Mercury: What about South America, where a number of European wineries opened or refurbished operations down there during the last 40 years?

Debbie: I would love to be fan of Chilean reds, but I can’t be even though they have improved dramatically … I get too many off flavors in them. But Chilean whites — sauvignon blanc, for example — can be very good. I also think Argentina makes better reds than Chile. The Argentinian cabernet is probably more acceptable and more approachable to an American palate that likes American cabernet. There are a lot of similarities. Once again, it comes down to the soil, the area and the exposure, which are more like North America.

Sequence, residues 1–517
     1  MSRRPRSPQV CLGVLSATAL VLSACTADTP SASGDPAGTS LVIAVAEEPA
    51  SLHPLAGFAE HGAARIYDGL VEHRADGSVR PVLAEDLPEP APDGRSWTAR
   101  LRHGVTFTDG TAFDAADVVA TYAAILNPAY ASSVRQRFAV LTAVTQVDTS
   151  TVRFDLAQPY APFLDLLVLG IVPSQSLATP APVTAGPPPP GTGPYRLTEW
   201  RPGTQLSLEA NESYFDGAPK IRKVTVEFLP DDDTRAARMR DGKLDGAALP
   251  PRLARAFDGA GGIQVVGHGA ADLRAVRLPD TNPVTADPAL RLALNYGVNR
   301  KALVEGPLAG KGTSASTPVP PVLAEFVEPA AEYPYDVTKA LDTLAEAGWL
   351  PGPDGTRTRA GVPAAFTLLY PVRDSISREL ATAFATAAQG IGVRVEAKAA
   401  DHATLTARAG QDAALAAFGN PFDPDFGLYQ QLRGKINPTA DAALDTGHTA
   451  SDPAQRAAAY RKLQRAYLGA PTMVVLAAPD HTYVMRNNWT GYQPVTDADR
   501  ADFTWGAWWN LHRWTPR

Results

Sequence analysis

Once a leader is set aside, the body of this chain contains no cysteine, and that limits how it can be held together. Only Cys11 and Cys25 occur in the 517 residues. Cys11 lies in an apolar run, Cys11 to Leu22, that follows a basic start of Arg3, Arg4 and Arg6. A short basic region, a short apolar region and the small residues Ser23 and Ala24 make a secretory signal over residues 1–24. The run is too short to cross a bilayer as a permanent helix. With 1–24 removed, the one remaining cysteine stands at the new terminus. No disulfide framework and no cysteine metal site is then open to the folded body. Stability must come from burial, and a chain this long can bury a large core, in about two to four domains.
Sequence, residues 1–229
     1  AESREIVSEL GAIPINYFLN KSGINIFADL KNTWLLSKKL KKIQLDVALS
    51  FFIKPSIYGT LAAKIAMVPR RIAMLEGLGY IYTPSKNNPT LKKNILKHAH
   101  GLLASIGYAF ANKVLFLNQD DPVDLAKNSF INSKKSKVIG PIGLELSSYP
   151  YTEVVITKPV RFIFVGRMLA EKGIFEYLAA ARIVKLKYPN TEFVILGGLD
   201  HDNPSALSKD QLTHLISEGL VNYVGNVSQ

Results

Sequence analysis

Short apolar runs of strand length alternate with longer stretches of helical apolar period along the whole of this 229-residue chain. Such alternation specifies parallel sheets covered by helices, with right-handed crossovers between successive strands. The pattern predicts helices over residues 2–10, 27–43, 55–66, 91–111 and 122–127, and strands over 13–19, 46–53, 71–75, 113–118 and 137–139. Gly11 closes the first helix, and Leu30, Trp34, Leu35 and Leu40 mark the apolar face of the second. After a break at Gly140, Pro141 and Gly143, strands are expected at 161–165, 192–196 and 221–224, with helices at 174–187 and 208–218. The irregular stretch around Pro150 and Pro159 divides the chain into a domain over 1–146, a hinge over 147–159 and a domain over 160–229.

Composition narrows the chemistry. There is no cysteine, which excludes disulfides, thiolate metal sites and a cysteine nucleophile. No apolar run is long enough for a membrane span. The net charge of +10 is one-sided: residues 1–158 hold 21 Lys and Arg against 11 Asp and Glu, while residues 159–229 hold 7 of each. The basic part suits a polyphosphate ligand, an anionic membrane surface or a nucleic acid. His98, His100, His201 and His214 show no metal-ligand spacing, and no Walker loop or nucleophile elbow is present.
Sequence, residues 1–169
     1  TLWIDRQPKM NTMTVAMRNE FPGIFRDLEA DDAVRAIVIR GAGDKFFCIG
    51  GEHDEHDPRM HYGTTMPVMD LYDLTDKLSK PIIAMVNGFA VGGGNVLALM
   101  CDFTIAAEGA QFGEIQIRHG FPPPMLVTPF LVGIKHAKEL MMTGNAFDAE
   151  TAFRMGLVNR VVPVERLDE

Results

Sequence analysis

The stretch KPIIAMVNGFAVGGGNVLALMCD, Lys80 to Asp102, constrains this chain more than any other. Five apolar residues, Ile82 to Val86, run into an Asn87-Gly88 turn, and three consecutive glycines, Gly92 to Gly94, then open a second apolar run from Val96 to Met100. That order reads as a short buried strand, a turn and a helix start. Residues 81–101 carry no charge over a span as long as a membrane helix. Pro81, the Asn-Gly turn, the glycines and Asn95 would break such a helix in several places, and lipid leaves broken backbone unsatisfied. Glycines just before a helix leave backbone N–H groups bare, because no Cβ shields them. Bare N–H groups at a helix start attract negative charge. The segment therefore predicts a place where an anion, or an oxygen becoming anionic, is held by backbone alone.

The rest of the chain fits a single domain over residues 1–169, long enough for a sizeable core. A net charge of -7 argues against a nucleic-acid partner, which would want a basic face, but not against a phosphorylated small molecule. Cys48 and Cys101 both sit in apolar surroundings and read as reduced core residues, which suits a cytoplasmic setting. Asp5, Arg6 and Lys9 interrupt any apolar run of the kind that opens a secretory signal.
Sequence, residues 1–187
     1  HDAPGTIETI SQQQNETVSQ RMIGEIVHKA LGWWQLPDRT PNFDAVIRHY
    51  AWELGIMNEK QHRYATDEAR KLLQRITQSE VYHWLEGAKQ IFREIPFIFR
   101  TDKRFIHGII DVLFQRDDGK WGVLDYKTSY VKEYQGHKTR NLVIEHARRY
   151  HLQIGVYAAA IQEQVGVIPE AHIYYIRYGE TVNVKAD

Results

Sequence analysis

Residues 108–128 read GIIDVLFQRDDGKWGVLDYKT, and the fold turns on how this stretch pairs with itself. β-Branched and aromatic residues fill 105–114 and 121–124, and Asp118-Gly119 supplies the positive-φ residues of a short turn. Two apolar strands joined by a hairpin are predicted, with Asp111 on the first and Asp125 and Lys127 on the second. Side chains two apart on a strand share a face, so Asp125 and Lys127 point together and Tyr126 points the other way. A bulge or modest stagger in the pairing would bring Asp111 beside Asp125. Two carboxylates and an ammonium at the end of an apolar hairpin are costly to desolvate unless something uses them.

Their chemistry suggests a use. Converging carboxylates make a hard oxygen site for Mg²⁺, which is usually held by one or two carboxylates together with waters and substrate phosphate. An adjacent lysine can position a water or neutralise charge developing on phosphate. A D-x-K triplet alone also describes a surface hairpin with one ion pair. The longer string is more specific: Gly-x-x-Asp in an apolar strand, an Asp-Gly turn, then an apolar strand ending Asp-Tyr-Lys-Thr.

Mercury: Vine management and winemaking techniques have become dizzyingly complex. Is all that better for the wine?

Debbie: Yes, Absolutely better for it. It all starts in the vineyard with things like the right kind of trellising, how you prune the vines and whether you choose to intensify the fruit by trimming green grapes off the vine — which large wineries tend to avoid because they want to get as much volume as they can even if it means less intensity of flavor. In Europe, you can produce only a certain amount of liters per hectare. In America there is no restriction like that. In Europe, if you exceed the specified amount, you have to declassify the wine and label it as such.

Mercury: What would you say is the most misunderstood or underappreciated thing about wine in America?